At the moment we stand at a time in history where we’re beginning to think of the great countdown at the end of the human race.  Terrifying possibility, that through atomic energy we may obliterate this planet and turn the whole globe into a star.  Maybe that’s the way all the stars started.  Imagine, you know, this great thing coming up, the countdown at the end: seven, six, five, four, three, two, one… Paaarrrrrummm!!  Poof! (sucking sound) Poosh!  Where have you heard that before? When you sit on the seashore and you hear the waves going in and out, and you don’t stop to think: that’s what you are doing.  That’s what the whole business is doing, and there are places where the wave mounts and mounts and it gets too big for its boots or whatever and it spills and breaks.  We could do just that.  But uh, it’s very important to realize that that’s what you are doing because then you don’t get panicky about it.  And the person who’s going to press that button is a person who is going to be in panic.  So if you realize that that’s what it is and it doesn’t really matter if the whole human race blows itself up, then there’s a chance that it won’t do it.  That’s the only chance we have not to do this thing which attracts us like a kind of vertigo, like person who looks over a precipice and is all set to throw himself over, or a person who jumps out of a plane and they’re skydiving and forgets to pull the parachute ring because he gets fascinated with a target – it’s called target fascination – he just goes straight at it, you see?  So we can get absolutely fascinated with disaster, with doom.  Or you know… all the news in the newspaper is invariably bad news.  There is no good news in the newspapers, people wouldn’t buy a newspaper consisting of good news.  Even the free press is full of terrible news, except the San Francisco Oracle.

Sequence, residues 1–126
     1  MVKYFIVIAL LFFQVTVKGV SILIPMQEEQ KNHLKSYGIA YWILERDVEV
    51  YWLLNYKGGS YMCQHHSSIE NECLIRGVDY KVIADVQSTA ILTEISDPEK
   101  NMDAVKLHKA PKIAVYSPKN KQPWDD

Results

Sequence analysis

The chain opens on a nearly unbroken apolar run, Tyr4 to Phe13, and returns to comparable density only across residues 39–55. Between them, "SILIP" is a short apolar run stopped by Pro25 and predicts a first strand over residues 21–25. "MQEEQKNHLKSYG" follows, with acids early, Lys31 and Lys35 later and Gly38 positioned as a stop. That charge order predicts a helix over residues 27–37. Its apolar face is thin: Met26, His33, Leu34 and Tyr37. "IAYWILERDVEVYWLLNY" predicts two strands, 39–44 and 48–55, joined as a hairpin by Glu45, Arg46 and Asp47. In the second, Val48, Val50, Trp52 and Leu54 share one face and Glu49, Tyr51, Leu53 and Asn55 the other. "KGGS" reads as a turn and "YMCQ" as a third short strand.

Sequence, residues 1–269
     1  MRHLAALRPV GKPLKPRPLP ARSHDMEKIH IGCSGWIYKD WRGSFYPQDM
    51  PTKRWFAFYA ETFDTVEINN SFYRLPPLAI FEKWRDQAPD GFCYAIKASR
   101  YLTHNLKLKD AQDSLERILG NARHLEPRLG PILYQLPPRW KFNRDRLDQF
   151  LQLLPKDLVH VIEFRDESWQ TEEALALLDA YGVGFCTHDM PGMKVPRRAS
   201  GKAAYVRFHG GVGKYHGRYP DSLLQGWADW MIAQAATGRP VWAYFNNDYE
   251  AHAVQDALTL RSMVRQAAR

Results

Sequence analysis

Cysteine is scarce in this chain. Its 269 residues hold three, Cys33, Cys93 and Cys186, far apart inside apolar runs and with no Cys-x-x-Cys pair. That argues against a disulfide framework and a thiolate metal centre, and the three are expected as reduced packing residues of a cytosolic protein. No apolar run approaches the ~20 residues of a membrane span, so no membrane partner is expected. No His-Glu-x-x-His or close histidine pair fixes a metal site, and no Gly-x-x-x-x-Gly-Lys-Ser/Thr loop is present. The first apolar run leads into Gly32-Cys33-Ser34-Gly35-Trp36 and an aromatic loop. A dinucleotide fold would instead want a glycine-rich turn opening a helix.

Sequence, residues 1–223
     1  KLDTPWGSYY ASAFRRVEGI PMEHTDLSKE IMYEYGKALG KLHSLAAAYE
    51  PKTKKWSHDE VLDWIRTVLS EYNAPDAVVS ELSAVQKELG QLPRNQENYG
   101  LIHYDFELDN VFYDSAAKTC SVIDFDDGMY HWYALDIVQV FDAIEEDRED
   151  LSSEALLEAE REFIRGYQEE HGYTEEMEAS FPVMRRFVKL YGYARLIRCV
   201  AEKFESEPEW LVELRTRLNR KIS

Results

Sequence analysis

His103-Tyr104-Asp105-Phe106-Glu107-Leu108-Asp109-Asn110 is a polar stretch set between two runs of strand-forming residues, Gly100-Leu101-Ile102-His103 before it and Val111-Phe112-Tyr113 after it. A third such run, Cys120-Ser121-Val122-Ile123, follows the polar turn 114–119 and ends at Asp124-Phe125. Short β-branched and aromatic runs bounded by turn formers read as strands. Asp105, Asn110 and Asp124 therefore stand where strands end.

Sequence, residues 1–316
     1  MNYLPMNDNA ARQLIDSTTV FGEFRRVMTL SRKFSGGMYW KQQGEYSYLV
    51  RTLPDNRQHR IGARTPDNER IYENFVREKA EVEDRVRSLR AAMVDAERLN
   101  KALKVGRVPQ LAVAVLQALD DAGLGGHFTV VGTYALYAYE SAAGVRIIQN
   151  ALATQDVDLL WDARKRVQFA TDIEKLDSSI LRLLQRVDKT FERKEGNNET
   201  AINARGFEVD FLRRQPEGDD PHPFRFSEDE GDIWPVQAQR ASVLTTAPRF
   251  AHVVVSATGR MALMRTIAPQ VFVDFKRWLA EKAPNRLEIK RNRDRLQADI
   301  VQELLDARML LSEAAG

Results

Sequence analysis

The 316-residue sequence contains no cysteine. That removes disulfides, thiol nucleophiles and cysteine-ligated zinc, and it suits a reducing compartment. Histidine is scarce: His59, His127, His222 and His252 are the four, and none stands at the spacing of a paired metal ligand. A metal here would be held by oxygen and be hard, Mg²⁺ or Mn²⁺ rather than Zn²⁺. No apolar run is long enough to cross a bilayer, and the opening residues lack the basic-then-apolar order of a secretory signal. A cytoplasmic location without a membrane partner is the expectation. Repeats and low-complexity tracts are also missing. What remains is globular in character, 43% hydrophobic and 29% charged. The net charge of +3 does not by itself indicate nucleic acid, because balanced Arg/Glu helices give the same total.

The fascination, you see, for this doom might be neutralized if we would say, “Well, why bother about that?  It’s just another fluctuation in this huge, marvelous, endless chain of our own selves and our own energy going own.”  See here’s the problem, because of our myopia, because of our… the way we’ve, as it were, restricted consciousness to focus upon just that certain little area of experience that we call voluntary action – that’s us, and everything else happens to us.  Now that’s obviously absurd.  Let’s suppose you take in your hand one of those toys, a gyroscopic top.  And you suddenly notice the minute you get this in your hand that it has a kind of vitality to it.  It seems to resist you, it starts pushing you in a certain way, see?  And sometimes you’re with it, and following it, and then sometimes you see… It just as if you’ve held a living animal in your hand.  You know, you pick up a hamster, you know, or a guinea pig, and you hold this little thing and your hand – it’s always trying to escape.  So the gyroscope always seems trying to escape your hold.  Now in exactly the same what, what you’re experiencing all the time – all sorts of things are getting out of control and doing this you don’t expect – it’s trying to escape your hold.  Alright then don’t grab it so hard.  And you’ll discover that this living thing that you’re feeling – like the gyroscope top – it’s your own life.  


    Alan Watts - On Individual Suicide and Humanity's Survivial 

    Here's a video that I made with iMovie that features footage from the film Samsara, music from the band Moderat (the song is titled Therapy), and portions from the Alan Watts Out of Your Mind lecture series.

    The Alan Watts audio you hear have been extrapolated from five different lectures in Out of Your Mind series, and the specific lectures are titled: "A Game that's Worth the Candle, The Fundamental I, A Re-Examination of Common Sense, Every Incarnation is This One," and "An Independent System."

    For links to the full Out of Your Mind audio lectures, as well as other free Alan Watts audio files please click here or on follow this link:

    Thanks for checking out this video, which is the first of hopefully many eventual future compilations I'll attempt.